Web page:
Fast Facts about COVID-19 on Sept. 3, 2020
A man gets tested at a COVID-19 testing clinic Thursday May 14, 2020 in Montreal.THE CANADIAN PRESS/Ryan Remiorz
OTTAWA -- Good morning. Here is the latest news on COVID-19 and its impact on Ottawa.
- Back to school for some students in Ottawa today
- Ottawa Public Health reported 12 new cases of COVID-19 on Wednesday
- Ottawa Police, Ottawa Bylaw threaten $880 fines to post-secondary students not following COVID-19 measures
- Alta Vista, Beacon Hill-Cyrville have the highest rates of COVID-19 in Ottawa
- Ottawa resident alerted to COVID-19 exposure through app tests positive for novel coronavirus
- Algonquin College will be offering online courses until at least April 2021
• The COVID-19 assessment centre at 151 Brewer Way is open from 9 a.m. to 3:30 p.m. today.
• The COVID-19 care clinic at 595 Moodie Dr. is open from 9 a.m. to 3:30 p.m. today.
• The COVID-19 care clinic at 1485 Heron Rd. is open from 9 a.m. to 3:30 p.m. today.
• Classic Symptoms: fever, new or worsening cough, shortness of breath
• Other symptoms: sore throat, difficulty swallow, new loss of taste or smell, nausea, vomiting, diarrhea, abdominal pain, pneumonia, new or unexplained runny nose or nasal congestion
• Less common symptoms: unexplained fatigue, muscle aches, headache, delirium, chills, red/inflamed eyes, croup
Back to School
Some Ottawa students head back to school today for the first time since mid-March, kicking off the new school year during the COVID-19 pandemic.
It's the first day of school for elementary school students with the Conseil des ecoles catholiques du Centre-Est and some schools with the Conseil des ecoles publiques de l'Est de l'Ontario.
The CECCE says high school students in Brockville, Kingston, Kemptville and Pembroke return to class today, while high school students in Ottawa start classes on Tuesday, Sept. 8.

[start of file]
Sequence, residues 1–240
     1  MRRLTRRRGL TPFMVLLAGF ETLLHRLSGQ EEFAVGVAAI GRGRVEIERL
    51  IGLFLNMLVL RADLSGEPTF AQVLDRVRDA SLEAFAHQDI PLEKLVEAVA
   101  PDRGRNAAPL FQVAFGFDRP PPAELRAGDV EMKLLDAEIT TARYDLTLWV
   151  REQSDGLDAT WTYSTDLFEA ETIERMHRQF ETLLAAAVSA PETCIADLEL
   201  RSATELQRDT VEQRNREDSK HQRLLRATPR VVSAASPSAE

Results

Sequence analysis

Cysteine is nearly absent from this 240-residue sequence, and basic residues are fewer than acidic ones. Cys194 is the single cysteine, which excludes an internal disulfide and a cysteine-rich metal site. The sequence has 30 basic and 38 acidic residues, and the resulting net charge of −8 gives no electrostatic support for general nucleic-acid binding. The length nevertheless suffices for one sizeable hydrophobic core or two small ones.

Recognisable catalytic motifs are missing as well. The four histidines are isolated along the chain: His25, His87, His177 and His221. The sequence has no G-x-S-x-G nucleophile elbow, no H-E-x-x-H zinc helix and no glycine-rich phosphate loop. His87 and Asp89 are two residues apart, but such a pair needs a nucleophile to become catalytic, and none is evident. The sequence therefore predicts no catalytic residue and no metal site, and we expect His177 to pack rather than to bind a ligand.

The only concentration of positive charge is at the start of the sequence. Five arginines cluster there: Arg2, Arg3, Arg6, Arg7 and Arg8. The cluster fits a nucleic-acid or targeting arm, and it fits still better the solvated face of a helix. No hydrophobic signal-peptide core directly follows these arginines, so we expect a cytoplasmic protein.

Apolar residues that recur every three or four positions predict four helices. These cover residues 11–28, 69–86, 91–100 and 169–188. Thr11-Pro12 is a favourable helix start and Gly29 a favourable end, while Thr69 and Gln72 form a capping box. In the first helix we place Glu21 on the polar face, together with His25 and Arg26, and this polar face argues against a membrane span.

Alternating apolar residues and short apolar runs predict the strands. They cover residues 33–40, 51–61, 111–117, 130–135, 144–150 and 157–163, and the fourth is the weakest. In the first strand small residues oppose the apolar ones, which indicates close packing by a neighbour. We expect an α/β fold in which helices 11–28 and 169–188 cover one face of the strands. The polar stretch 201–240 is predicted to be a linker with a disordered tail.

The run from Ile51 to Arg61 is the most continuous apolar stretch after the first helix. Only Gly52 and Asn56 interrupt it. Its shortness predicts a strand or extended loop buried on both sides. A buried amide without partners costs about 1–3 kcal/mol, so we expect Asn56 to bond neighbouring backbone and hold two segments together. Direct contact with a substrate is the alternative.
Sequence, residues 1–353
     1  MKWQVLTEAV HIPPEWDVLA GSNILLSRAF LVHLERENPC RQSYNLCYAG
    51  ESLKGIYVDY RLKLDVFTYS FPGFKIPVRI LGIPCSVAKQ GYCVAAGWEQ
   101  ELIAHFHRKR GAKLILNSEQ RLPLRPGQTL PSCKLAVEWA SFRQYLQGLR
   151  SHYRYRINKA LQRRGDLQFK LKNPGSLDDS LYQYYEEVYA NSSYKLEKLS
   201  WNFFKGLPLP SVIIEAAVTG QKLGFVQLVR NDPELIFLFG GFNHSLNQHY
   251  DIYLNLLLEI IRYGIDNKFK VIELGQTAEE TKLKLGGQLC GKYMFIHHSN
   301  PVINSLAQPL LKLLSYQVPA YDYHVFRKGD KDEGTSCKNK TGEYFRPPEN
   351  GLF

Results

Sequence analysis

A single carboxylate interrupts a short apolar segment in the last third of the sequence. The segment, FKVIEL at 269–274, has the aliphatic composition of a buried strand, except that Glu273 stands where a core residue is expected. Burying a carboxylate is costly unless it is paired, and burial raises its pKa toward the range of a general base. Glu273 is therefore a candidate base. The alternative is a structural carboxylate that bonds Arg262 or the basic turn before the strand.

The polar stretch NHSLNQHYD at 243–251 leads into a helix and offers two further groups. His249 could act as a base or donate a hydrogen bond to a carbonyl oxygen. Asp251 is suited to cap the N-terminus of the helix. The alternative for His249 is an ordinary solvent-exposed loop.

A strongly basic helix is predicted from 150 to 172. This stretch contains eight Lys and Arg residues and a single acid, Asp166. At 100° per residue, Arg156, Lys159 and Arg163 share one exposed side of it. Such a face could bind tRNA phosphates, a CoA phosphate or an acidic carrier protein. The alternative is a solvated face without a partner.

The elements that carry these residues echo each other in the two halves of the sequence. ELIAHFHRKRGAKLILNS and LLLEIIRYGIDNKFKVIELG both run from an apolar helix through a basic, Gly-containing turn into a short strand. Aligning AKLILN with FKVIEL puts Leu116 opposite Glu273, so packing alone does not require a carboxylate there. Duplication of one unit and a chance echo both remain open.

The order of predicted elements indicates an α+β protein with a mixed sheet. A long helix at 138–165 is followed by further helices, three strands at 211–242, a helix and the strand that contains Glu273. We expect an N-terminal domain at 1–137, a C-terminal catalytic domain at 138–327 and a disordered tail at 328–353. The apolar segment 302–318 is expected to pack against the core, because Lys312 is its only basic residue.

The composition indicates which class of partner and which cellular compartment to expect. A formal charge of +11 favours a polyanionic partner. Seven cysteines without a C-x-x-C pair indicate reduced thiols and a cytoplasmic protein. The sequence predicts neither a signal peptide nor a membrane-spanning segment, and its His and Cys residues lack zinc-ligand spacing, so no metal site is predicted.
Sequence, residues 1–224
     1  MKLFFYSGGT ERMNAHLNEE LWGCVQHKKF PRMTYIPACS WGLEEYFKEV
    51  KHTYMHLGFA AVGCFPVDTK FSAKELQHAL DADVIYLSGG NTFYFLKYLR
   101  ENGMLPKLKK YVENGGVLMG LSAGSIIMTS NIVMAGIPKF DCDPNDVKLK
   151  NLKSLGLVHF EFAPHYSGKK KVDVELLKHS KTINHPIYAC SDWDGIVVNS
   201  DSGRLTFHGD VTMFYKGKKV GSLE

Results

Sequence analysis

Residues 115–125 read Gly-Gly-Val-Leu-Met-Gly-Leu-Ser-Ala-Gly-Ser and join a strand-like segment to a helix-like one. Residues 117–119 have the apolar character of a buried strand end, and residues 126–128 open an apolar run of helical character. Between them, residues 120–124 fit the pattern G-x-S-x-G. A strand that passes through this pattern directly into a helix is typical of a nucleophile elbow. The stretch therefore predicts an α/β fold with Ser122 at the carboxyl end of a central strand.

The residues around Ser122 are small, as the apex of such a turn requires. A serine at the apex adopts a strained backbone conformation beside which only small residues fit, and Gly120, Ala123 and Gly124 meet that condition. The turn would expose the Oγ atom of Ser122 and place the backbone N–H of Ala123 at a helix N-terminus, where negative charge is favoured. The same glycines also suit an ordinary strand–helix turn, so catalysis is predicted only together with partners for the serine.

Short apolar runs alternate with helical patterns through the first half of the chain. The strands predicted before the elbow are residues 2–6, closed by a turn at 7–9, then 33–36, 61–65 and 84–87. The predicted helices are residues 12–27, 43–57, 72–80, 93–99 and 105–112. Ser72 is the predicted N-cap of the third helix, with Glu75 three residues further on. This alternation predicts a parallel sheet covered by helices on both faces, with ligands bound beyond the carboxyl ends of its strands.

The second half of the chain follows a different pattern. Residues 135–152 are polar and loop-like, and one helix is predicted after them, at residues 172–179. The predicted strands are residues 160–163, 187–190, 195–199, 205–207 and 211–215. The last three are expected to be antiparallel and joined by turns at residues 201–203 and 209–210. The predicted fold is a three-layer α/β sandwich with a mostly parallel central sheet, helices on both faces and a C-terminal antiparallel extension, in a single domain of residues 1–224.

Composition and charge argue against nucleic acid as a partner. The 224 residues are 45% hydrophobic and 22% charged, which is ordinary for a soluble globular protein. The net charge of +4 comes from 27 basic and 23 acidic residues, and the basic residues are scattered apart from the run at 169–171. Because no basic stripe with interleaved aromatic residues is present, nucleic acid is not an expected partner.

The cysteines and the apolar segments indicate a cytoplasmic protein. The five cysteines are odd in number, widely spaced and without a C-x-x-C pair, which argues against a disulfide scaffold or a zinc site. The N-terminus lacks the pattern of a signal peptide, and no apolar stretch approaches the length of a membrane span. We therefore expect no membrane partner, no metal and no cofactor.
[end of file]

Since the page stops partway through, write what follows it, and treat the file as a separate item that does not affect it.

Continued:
Ottawa Public Health is reporting a double-digit increase in COVID-19 cases in Ottawa for the ninth time in 10 days.
Twelve new cases of COVID-19 were reported on Wednesday, along with no new deaths.
Since the first case of COVID-19 on March 11, there have been 2,987 laboratory-confirmed cases of COVID-19 in Ottawa, including 267 deaths.
Ottawa Public Health reports 206 active cases of COVID-19 in Ottawa.
Ottawa Police and Ottawa Bylaw will be deploying significant resources into areas around universities and colleges this fall to make sure everyone follows the COVID-19 measures.
Mayor Jim Watson and Ottawa Police Chief Peter Sloly warned on Wednesday that officers will issue $880 tickets to people hosting giant parties that break the COVID-19 rules for gatherings.
"The Ottawa Police Service takes this public health and public safety issue very, very seriously," said Chief Sloly.
The chief reminded students that Ontario's COVID-19 measures limit indoor gatherings to a maximum of 50 people, and 100 people for outdoor events.
New Ottawa Public Health data shows Alta Vista and Beacon Hill-Cyrville have the highest rates of COVID-19 in Ottawa.
Ottawa Public Health says its "Snapshot of COVID-19 across Ottawa Wards Report" shows that "COVID-19 is present in every single community within Ottawa."
Alta Vista continues to have the highest rate of COVID-19 infections in Ottawa, with 403 cases per 100,000 people. Beacon Hill-Cyrville in Ottawa's east-end has the second highest rate, at 360 cases per 100,000 people.
Medical Officer of Health Dr. Vera Etches says an Ottawa resident alerted to exposure to COVID-19 through the COVID Alert App has tested positive for COVID-19.
Dr. Etches told reporters the resident was alerted to the exposure through the app, went to get tested and tested positive.
"The more people that download the COVID-19 app the better. It will help us the larger percentage of the population that uses the app."
The COVID Alert App was downloaded more than 2.2 million times in the first month after its launch. Only 110 people who tested positive for COVID-19 have entered the information into the app.
Algonquin College is planning to offer most of its courses online until the end of April 2021 due to the COVID-19 pandemic.
In a letter to students on the eve of the start of the Fall Term, Algonquin College President Claude Brule says the college will offer many programs through remote learning for the Winter Term, which is scheduled to start in January.
"Our Winter Term plan is to minimize face-to-face instruction and promote the delivery of remote academic instruction whenever possible. Many programs – and most services – will be offered remotely and the remaining programs will be a combination of remote learning and select on-campus academic activities."